Elliot Coleman has literally written the book on the extending the harvest up ‘ere in da Nort. And I can attest to the simple joy of entering a Hoop House on a sunny January day, stripping down to a tee shirt, basking in the humid 70 degree air rich with the smell of living soils, and stopping to harvest mache, claytonia, and perhaps some spinach. But Hoop Houses can do more than just grow greens – they can build your soils in the off season. A few posts ago I regaled you with my attempts to begin composting in our small Hoop House at our Market Garden. The farm owner was so inspired he cleared out 20′ along the back edge of his large Hoop House / Workshop and we built a serious indoor vermiculture bin that is about 20′ long and hold about 12 yards. The idea is that in between the center of a thermophyllic “hot” composting pile chugging along at 140 degrees and the air temp of 30-40 degrees there is a layer of the pile that is full of moist organic matter that is sitting at 75 degrees or so. In other words prime habitat for composting worms!
Last week he filled the new bin with a mix of horse manure, bedding, and 50 gallons of putrid food scraps he had been saving all year and had never gotten around to throwing on a pile until now. The outside of the hoop house (west facing) was then insulated with a pile of leaves 7′ tall and 12 feet wide at the base, and on top of the manure/gorp mess we piled on another 18″ of leaves to further insulate it and to conserve moisture. Within 2 days this heated up to 145 degrees, and has stayed there for over a week now adding some bTU’s to the workshop. A bin this size could take millions of worms, but given that wigglers are going for $25/lb we decided to call in some favors. At the Bioneers Conference in Madison last month, one of my fellow panelists was James Godsil, a board member for Growing Power and co-founder of Sweet Water Organics – an uber cool urban ag endeavor in Milwaukee, WI. Godsil is a true Great Soul and we hit it off immediately. I shot him an email and asked if my wife and I could come out for a tour and pick up a few pail of worms and gorp (full of cocoons) which led us to yesterday’s trip and our seeing Milwaukee’s Renaissance first hand.
The site was amazing – I have toured Growing Power several times, and it was very interesting to see Will Allen’s concepts scaled up in an attempt to make them more commercially viable. It will be worth watching to see how far they will have to stray from Growing Power’s laissez faire approach to aquaponics and its reliance on natural filtration and in house feedstocks. Banks and investors have a tendency to demand higher returns on investment than Nature readily provides. But, alas, I stray off topic!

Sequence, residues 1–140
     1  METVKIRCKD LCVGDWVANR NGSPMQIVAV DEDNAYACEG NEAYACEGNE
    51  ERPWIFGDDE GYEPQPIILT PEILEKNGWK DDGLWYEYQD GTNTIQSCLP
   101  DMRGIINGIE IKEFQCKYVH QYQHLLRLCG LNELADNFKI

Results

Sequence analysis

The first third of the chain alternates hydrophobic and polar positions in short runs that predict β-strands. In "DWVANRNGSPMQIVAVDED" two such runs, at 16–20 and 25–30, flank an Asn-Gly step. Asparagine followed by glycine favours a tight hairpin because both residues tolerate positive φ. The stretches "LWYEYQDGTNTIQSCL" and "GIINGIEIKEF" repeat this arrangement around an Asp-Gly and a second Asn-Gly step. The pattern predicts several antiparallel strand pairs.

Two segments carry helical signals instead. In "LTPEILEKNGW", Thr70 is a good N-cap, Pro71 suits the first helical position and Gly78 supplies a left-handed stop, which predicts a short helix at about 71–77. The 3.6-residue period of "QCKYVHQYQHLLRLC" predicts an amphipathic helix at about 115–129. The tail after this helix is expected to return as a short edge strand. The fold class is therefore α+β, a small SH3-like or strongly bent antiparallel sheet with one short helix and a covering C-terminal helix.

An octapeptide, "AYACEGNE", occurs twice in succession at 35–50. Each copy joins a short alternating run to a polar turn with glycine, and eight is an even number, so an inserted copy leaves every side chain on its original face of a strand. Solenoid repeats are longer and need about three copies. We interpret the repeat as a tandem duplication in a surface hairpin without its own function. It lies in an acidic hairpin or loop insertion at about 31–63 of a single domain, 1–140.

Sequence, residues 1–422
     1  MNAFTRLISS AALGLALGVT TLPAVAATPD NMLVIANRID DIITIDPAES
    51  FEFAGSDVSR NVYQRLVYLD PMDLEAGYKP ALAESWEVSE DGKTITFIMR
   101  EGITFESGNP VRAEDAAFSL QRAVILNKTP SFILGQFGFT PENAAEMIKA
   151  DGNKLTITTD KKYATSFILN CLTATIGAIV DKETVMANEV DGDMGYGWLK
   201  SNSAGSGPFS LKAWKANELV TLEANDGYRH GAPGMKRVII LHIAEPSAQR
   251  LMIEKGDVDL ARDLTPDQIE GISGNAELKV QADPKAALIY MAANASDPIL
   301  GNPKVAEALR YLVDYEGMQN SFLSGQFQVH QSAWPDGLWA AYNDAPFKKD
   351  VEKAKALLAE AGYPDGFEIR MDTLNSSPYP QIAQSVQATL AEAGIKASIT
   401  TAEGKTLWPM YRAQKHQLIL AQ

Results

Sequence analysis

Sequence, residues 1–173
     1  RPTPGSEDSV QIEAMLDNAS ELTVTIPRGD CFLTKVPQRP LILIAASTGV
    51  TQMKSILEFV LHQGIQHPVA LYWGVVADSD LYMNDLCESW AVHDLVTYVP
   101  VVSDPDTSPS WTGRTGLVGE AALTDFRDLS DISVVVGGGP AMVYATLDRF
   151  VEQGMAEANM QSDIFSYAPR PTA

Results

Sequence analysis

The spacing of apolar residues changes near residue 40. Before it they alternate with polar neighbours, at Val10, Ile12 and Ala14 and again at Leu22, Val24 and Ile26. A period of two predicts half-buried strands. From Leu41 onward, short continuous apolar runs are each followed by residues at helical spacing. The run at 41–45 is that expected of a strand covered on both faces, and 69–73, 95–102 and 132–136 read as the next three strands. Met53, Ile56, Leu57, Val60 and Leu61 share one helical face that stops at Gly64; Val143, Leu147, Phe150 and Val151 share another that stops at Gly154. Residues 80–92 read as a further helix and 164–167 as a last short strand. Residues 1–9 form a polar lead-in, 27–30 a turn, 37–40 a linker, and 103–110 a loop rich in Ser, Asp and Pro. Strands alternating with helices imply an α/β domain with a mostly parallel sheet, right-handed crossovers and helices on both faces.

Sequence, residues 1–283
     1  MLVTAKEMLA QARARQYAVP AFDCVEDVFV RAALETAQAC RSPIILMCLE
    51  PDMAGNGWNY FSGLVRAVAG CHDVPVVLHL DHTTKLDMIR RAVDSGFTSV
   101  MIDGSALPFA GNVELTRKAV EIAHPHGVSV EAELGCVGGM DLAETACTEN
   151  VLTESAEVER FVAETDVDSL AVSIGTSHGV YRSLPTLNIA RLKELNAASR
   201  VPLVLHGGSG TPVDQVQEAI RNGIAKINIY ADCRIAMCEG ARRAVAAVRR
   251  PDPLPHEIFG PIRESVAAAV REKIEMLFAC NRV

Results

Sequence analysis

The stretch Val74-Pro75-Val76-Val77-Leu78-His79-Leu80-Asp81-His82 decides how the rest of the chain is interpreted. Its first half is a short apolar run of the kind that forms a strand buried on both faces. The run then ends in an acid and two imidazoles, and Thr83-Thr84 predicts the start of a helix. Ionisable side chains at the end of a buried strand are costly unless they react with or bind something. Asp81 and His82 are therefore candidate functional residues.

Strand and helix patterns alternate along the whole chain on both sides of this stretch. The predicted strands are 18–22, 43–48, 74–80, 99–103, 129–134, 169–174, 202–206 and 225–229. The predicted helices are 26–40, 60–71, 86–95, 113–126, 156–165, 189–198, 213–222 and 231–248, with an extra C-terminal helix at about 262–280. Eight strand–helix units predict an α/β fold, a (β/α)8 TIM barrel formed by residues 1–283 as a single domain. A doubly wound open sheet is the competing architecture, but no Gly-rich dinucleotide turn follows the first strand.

After the tour Godsil took us out back to his massive compost / vermiculture pile. Despite the cold (wind chills were negative) we clambered up the pile and dug into the steam to find red wigglers happily crunching away on the grocery store waste Godsil uses as feedstock. Amazing! Godsil makes a weekly trip with his pickup to the local store and grabs about 300 gallons of unsaleable vegetables which he then mixes with wood chips dropped off from local tree trimming services – essentially turning 2 streams of “garbage” into highly sought after vermicompost and red wigglers that will have bred up to a population worth thousands by next summer. Brilliant!
After loading a few buckets we drove back to the country and I picked up my son to help “leaven” our vermiculture bin in Jefferson County. We were very pleased to see that our own bin was still heating nicely and was already home to a small population of its own composting worms that came in with the horse manure. It was a great chance to talk about waste stream cycling with my son – worms and other “livestock” are a great attention grabber for children and we try to do as many tours as possible with local schools to show them that farming is more than driving tractors through corn, but there I go digressing again…
We placed the worms and gorp into 3 separate areas and then topped each with several gallons of fresh feedstock from my coffee shop source. This we finally topped off with a 6″ layer of leaves to keep them warm. As the winter progresses the worms will be able to move throughout the pile to maintain the 75 degrees they prefer. In the outdoor piles at Growing Power and Sweet Water that may e as close as 1″ from the surface, here inside our unheated hoop house it is a bit deeper in. Here are some more shots of the process:
In the last picture you can just see a bit of blue peaking through. That is a buried 55 gallon drum that is filled with water. The hope is that it will store immense amounts of heat to stabilize the piles temperature for the worms and later in the winter when the pile is cooling, we can then use the water as cooling tanks for our gasifiers – simultaneously heating our worms to make them eat / poop faster and cooling our biomass energy generator to help us power the farm. Awesome!
Winter is a time for reflection, planning, and maintenance (mental and physical!), but using the Hoop House for composting will ensure our early spring greens are able to get a huge jolt of nutrition with a thousand pounds of worm castings as early as March – with no machinery or energy inputs. Too cool.